Marie Antoinette has always been a compelling historical figure, but this second novel in Grey’s trilogy about the French queen explores the woman as much as it explores the myth. After a tantalizing prologue that hints at a scandal later on in the novel, Days of Splendor, Days of Sorrow picks up in 1774, just before Louis XV dies and Toinette (as she is called by her intimates in the novel) and Louis (XVI) ascend the throne.
Toinette is more than four years into an unconsummated marriage when she becomes queen. Her passionless marriage and fear about producing an heir, as Grey explores in the novel, is the root cause of her wild excess that makes her so unpopular with the French. She masks her emotional pain by losing a lot of money at card games, spending lavishly on dresses and hairstyles, and being overly generous to her friends.
When Louis gives Toinette her own private palace, Le Petite Trianon, on the grounds of Versailles, the public is outraged that they are denied access to her sanctuary. Versailles is open to the public, and the Queen’s demand for privacy at Trianon further fans the flames of hatred from the French. This gives rise to many scurrilous pamphlets that suggest the Queen has scores of lovers both male and female.
The image of the scandal-causing, spendthrift queen is one that most people are familiar with. But Grey also portrays Marie Antoinette as a doting mother (after she and Louis finally consummate their marriage), a supportive wife, a passionate lover, and a loyal friend. Most of the novel is written from Toinette’s perspective, so the reader sees the human who exists behind all the artifice.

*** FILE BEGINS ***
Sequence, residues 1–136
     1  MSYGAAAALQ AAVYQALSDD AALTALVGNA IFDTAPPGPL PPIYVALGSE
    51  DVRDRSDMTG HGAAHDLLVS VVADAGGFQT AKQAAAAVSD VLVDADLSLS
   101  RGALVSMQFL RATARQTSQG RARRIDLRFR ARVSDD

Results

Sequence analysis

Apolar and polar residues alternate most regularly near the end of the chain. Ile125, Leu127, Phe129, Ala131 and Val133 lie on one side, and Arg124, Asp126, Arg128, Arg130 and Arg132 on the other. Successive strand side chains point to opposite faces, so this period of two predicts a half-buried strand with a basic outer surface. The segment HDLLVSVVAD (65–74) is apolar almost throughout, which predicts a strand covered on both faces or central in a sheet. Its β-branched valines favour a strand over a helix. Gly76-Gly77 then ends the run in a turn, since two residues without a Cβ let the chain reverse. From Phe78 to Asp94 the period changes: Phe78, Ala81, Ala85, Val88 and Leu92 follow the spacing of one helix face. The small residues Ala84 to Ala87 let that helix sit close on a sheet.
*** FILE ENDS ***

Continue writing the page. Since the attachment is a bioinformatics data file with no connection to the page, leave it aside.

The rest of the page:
While it is easy to understand how the seeds were planted for revolution in France, it is also easy to sympathize with Marie Antoinette, who desperately wanted to be loved by her subjects. She lost two of her beloved children, including the dauphin. And while she and Louis loved each other, they were not soulmates. She found that kind of love with Axel von Fersen.
Despite seeming to have it all, she was a woman who endured a lot of anger and sadness. Grey convincingly portrays Toinette’s emotions as she faces her tragedies and her triumphs.
The novel ends shortly after the storming of the Bastille, with Toinette hopeful that Louis can make the people love the monarchy again. History, of course, tells a different story. I really enjoyed the way Marie Antoinette was brought to life in this novel, and I’m looking forward to reading the final installment in the trilogy.